Diwali, or Dipawali, is Hinduism's biggest and most important holiday of the year. It takes place in mid-October. Over the centuries, Diwali has become a national festival enjoyed by most Indians regardless of faith. Along with Hindus, Jains, Buddhists, and Sikhs may all celebrate Diwali.
The "Festival of Lights" gets its name from the rows of deepa, or clay lamps, that Indians light outside their homes to symbolize the inner light that protects them from spiritual darkness. Depending on where people live in India and which religion they follow, they may have different interpretations of the Diwali story. In Hinduism:
- Northern India: Diwali is the celebration of of King Rama's return to Ayodhya after defeating Ravana by lighting a row of clay lamps.
- Southern India: Diwali is celebrated as the day Lord Krishna defeated the demon Narakasura.
- Western India: Diwali marks the day Lord Vishnu sent the demon King Bali to rule the underworld.
In Jainism, Diwali marks the day Lord Mahavira reached nirvana in 527 B.C. In Sikhism, it marks the day the Sixth Sikh Guru was freed from imprisonment. No matter why it is celebrated, there is one common reason for celebrating the holiday: it marks the victory of good over evil.
There are five days of Diwali, and each has a special meaning.
Dhanteras (Day 1)
Celebrated in Northern and Western India, houses and businesses are cleaned, renovated, and/or decorated. Often, women and children decorate with Rangoli or colorful floor designs both inside and outside on the walkways of their homes. It is also a major shopping day, particularly for gold or silver. This day marks the birthday of Lakshmi, the Goddess of Wealth and Prosperity, and the birthday of Dhanvantari, the God of Health and Healing.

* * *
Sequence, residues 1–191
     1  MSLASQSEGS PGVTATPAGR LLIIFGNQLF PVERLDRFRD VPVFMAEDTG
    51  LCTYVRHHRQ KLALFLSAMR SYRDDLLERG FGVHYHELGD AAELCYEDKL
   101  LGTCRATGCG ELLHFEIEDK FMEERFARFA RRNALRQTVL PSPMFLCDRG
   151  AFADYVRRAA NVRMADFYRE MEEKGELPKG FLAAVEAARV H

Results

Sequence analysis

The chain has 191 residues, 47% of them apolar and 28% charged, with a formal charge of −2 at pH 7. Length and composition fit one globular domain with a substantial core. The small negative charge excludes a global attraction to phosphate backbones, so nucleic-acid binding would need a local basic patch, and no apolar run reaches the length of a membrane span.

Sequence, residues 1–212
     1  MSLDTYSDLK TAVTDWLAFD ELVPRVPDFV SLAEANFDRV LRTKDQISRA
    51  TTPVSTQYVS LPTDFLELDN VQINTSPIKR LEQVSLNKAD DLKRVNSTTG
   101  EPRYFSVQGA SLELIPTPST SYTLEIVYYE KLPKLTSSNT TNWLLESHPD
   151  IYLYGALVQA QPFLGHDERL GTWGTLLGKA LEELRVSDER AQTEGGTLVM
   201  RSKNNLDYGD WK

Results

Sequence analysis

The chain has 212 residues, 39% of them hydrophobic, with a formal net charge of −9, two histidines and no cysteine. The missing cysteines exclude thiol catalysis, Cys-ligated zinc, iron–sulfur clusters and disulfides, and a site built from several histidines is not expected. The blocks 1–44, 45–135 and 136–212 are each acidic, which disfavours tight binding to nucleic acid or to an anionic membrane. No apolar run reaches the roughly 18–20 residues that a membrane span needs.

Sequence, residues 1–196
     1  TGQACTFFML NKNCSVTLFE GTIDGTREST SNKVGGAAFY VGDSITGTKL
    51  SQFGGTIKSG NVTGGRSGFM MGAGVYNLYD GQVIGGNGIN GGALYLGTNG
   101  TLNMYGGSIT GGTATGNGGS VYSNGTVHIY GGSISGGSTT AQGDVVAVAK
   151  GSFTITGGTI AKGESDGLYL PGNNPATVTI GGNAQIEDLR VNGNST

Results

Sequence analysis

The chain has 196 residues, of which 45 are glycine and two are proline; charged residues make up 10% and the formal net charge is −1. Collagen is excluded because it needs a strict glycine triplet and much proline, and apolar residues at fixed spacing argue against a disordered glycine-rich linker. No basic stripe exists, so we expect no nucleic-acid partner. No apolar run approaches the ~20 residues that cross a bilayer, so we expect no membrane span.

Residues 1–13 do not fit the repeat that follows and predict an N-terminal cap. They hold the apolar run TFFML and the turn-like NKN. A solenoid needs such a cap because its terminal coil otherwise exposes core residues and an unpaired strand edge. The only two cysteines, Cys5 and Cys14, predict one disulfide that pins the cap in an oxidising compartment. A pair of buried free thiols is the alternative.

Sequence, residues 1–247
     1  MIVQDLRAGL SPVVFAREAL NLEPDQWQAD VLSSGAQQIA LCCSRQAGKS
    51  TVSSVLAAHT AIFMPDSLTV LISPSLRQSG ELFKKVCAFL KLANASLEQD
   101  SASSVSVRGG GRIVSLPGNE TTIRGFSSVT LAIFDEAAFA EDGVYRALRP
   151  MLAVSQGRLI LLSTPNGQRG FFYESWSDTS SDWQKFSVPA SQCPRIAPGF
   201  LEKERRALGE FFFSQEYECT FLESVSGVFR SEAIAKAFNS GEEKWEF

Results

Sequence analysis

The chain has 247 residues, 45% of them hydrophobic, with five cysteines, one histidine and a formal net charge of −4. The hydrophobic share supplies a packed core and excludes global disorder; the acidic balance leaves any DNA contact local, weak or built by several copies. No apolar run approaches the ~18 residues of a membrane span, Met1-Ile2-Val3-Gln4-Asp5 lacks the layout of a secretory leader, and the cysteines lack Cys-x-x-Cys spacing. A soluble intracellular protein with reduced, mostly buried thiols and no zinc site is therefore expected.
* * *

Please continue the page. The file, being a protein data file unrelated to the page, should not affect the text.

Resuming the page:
Naraka Chaturdasi (Day 2)
Also called the Choti Diwali, the second morning is filled with religious rituals and festivities. Sometimes, there are special bathing rituals using fragrant bath oils. Women decorate their hands in classic henna designs, while families prepare homemade sweets.
Lakshmi Puja (Day 3)
The third day is the main festival day. People open their doors and windows to welcome Lakshmi, who is believed to roam the earth on this particular day of Diwali. Small earthenware lamps are filled with oil and placed around sidewalks, temples, and more. Important friendships and family are recognized throughout the day by visits and exchanging gifts. At night, patakhe, or fireworks are set off. The fireworks are believed to help chase away evil spirits.
Padwa, Balipratipada (Day 4)
Similar to worldly anniversary celebrations, this day celebrates the devotion of husbands and wives. Husbands give thoughtful gifts and, in many regions, newly married daughters with their spouses are invited into their parents' households for special meals. Diwali also marks the beginning of a new year. Merchants and shopkeepers close out the previous year and begin a new one with blessings from Lakshmi and other deities.
Bhai Duj, Bhaiya Dooji (Day 5)
Meaning "brother's second," the last day in Diwali celebrates sisters and brothers. Emphasizing the bond between siblings, day five is filled with prayers, food-sharing, gift-giving, and conversation.